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Sir James Chettam is deeply worried. Brooke is rumored to be standing as an independent or the next election. Chettam is afraid that the established parties will make an all out attack on Brooke’s neglect of his land and tenants, and create a local scandal. He visits the Cadwalladers to ask for support in dissuading Brooke. Chettam has spoken to Ladislaw and feels Ladislaw is against Brooke’s candidature and may influence him to withdraw. In the discussion, their mistrust of anyone who takes part in changing the old order is clear. Journalists are considered "hacks." Most of all, Chettam, a conscientious landlord interested in modern methods is against the shabby neglect by Brooke of his farms. Brooke enters just then and the three attempt to convince him not to stand for election and to employ Caleb Garth as manager to improve his land. Brooke is adamant and claims to be a liberal landlord. He leaves.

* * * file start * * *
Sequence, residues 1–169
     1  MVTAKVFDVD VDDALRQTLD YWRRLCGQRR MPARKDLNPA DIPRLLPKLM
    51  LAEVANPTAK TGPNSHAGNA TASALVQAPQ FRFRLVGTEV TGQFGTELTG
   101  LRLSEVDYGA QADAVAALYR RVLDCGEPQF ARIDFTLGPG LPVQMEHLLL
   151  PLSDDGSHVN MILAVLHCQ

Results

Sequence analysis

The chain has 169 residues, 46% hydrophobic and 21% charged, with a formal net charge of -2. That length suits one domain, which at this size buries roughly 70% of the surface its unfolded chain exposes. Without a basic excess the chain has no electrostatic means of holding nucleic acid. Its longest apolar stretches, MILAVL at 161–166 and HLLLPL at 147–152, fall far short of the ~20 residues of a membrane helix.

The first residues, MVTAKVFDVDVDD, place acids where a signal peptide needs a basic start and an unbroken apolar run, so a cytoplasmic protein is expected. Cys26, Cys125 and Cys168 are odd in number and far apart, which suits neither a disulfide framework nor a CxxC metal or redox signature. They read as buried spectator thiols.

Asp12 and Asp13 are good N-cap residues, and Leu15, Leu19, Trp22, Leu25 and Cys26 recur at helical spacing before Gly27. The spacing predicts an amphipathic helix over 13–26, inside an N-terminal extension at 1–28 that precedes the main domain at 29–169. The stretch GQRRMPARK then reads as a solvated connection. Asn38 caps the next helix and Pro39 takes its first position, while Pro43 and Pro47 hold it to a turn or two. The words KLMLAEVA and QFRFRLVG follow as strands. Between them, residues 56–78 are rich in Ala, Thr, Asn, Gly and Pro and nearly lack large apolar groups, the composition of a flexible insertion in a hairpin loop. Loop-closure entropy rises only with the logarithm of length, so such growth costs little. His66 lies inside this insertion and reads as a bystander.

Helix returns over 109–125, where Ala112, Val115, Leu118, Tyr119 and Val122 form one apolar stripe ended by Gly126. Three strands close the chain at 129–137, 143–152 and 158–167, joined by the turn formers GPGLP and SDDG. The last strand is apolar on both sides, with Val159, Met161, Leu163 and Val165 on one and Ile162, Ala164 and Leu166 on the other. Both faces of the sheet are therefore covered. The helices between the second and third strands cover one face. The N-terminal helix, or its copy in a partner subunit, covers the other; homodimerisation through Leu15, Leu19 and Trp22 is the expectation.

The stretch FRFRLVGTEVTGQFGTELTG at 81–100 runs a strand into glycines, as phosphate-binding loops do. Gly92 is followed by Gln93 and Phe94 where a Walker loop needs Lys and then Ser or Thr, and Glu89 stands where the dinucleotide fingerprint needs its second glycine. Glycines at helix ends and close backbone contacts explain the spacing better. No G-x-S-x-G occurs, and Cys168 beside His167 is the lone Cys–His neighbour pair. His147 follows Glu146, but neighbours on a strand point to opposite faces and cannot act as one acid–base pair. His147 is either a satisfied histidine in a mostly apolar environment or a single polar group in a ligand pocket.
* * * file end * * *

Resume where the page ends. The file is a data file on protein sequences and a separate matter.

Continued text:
Like the question of medical reform, George Eliot brings in questions like the proposed reforms, and the changing patterns of class relations. Brooke and Ladislaw, both belonging to the gentry are entering the rough world of politics. It is seen as fit only for "low" people.
At the same time, the reader is shown the genuine interest of Chettam in modern farm management and a democratic approach to his tenants. Brooke, for all his amusing eccentricity, is shown to be backward and exploitative. Will is also becoming a long-term inhabitant of Middlemarch. Bulstrode, another important character, is shown getting closer to Brooke.